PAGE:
What is Acceptable Medical Evidence?

Social Security issued a ruling about ten years ago about “acceptable medical evidence,” considerably broadening the scope of proof allowed in a disability case claim. This has always been a problematic area in Social Security law – particularly for the many patients who receive much of their care from nurse practitioners or physicians’ assistants or chiropractors.

It is essential to remember that your doctor can’t just say you’re “disabled.” In fact, the record needs to show the reasons for Social Security to reach that conclusion. A simple statement from your doctor without underlying documentation is pretty worthless.

In the past, treatment notes from these licensed sources and others – such as chiropractors and counselors – were not given “substantial weight” in a disability determination. Only records from physicians, licensed psychologists or other certain “acceptable” medical sources having an “ongoing treatment relationship” with the claimant were considered valid.

Ruling SSR 6-03p1 requires that the underlying diagnosis be provided by a physician and the existence of the impairment must be certified in this way. But the severity and ongoing functional limitations may now be demonstrated by treatment notes and letters from other professionals and lay witnesses. Before this ruling, Social Security was free to disregard anything but physician evidence. Sometimes that meant that the only evidence in the file might be a consultative examination provided by Social Security, performed by a doctor who only saw the patient once.

The new ruling recognizes that these non-physician treatment sources have “increasingly assumed a greater percentage of the treatment and evaluation functions previously handled by physicians and psychologists.” These highly trained professionals are providing most of the treatment and care for Americans, and Social Security has finally recognized this fact. This regulatory change may open doors long-closed to our clients who receive health care in clinic settings, where treatment by a physician can be rare.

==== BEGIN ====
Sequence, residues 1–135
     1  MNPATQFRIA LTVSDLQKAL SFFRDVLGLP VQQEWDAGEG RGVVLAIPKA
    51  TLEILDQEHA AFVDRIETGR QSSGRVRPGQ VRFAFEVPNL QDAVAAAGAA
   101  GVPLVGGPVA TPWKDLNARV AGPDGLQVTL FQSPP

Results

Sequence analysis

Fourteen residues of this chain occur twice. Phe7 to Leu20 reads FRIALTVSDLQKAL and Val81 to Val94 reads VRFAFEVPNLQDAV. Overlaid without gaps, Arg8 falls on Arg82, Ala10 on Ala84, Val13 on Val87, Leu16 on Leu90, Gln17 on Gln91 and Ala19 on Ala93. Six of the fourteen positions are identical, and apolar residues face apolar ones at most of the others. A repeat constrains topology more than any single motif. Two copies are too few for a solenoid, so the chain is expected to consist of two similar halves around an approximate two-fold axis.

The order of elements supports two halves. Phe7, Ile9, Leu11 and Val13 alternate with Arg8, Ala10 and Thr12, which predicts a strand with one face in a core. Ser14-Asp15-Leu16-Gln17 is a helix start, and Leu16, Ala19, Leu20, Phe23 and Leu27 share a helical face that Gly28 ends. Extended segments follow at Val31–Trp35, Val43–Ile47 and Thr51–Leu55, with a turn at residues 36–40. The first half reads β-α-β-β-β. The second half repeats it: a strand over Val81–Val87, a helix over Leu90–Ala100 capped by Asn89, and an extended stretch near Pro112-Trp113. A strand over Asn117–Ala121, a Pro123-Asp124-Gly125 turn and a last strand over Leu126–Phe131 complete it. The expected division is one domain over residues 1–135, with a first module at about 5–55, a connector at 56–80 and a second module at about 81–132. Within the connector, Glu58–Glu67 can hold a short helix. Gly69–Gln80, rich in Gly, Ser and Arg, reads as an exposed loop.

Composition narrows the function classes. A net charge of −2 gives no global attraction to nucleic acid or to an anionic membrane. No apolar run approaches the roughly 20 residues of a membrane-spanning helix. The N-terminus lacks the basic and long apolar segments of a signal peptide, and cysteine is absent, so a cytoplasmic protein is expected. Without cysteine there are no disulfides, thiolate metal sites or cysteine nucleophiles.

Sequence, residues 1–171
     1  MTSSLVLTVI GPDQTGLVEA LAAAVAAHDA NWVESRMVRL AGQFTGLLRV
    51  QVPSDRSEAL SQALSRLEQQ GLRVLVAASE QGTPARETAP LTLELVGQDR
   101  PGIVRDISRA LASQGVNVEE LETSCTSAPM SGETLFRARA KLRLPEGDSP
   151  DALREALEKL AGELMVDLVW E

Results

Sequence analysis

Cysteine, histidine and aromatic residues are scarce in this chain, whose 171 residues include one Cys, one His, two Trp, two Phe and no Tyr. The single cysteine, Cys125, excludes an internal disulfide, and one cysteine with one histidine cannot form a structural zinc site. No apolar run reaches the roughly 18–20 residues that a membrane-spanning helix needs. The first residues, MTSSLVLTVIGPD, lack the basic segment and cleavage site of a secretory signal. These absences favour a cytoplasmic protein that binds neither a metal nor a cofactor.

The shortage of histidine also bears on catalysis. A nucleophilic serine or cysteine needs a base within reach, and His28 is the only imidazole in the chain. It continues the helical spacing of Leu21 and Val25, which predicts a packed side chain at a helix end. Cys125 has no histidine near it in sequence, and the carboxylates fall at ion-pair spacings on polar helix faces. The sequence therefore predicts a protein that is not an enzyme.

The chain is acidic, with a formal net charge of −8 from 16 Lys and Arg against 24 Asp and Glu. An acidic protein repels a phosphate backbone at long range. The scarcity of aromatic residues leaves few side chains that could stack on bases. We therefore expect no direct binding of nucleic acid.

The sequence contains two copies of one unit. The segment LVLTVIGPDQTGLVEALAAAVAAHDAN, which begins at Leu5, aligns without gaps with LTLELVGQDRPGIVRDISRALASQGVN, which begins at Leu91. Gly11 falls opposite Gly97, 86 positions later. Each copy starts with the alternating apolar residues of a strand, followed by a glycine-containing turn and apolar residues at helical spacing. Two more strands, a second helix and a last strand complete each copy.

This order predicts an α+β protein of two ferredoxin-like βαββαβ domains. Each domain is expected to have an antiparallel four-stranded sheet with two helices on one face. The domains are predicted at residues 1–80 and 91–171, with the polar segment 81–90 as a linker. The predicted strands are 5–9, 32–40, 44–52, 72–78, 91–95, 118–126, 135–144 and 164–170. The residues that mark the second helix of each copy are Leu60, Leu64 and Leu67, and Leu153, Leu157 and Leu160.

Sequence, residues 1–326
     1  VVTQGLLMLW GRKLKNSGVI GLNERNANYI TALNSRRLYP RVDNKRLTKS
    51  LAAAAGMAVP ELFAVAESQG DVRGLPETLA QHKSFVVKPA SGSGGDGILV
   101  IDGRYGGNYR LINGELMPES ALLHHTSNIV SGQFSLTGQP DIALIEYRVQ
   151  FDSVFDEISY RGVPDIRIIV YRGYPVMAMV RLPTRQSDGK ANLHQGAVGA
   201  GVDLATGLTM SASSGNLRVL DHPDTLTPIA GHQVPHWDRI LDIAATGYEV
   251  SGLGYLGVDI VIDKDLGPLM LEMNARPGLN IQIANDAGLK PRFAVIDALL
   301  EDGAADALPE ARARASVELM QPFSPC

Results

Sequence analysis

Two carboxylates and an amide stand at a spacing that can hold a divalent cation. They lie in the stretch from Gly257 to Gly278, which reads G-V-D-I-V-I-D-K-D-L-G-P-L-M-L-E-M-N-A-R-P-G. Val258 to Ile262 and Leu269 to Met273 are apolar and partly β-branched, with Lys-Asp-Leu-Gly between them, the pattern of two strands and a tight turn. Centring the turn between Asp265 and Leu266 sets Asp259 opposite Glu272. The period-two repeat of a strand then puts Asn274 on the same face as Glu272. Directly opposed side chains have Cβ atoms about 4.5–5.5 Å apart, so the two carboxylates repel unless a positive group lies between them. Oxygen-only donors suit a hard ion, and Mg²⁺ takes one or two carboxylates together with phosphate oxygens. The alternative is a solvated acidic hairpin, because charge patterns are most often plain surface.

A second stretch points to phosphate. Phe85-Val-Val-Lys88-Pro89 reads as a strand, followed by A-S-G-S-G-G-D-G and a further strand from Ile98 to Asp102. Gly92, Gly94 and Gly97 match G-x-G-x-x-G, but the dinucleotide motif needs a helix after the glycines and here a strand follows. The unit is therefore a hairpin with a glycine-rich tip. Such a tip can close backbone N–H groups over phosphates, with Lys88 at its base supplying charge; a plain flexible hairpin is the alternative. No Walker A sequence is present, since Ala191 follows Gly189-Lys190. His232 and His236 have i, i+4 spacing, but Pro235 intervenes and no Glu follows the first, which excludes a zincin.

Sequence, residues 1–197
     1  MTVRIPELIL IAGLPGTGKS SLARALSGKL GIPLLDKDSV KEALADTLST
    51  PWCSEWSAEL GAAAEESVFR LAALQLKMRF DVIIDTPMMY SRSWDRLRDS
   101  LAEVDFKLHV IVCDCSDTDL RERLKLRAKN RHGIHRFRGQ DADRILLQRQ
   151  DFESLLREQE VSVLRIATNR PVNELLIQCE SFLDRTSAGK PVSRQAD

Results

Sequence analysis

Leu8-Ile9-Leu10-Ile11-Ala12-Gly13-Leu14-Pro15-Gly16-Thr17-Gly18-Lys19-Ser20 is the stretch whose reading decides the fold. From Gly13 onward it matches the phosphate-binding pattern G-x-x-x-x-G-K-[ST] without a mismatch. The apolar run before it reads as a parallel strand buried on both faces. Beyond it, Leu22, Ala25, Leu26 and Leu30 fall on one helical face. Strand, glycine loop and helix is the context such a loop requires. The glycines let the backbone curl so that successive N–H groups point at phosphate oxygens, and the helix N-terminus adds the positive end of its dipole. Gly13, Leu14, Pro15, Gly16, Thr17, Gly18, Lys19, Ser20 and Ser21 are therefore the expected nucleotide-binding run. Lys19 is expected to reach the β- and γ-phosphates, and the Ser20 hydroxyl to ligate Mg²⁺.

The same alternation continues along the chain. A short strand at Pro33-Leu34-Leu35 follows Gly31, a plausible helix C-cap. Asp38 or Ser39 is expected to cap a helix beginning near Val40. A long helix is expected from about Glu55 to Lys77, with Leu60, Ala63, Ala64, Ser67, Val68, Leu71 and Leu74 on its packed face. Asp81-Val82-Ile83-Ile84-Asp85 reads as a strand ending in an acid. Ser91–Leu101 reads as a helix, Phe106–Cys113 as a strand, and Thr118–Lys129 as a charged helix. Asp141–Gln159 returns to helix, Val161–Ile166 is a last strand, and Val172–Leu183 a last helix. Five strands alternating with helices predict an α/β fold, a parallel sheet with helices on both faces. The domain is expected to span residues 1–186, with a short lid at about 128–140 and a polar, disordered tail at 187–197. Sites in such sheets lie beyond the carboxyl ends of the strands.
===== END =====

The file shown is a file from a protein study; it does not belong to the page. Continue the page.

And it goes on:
The “other sources” which are now acceptable for providing legitimate and binding evidence are nurse practitioners, physicians’ assistants, psychiatric social workers and some therapists. Next in evidentiary importance are teachers, counselors or social welfare agency staff, non-medical people acting in their professional capacities. Of lesser importance, but still valued, would be information from lay witnesses such as spouses, clergy, friends and employers. Any opinion evidence provided is judged by its consistency with other evidence, length of relationship, and degree to which the opinion is supported by other medical records.

All information submitted has a cumulative effect. If, for example, there are numerous letters from friends and neighbors observing a person’s daily actions reflecting a psychiatric problem, it adds detail that may be missing from the professional treatment notes. The medical record still must provide an impairment diagnosis from a doctor, but these details are like brush strokes that allow the decision-maker to paint a picture of the real, whole person. Now all of these sources are seen as “very valuable sources of evidence for assessing impairment severity and functioning.”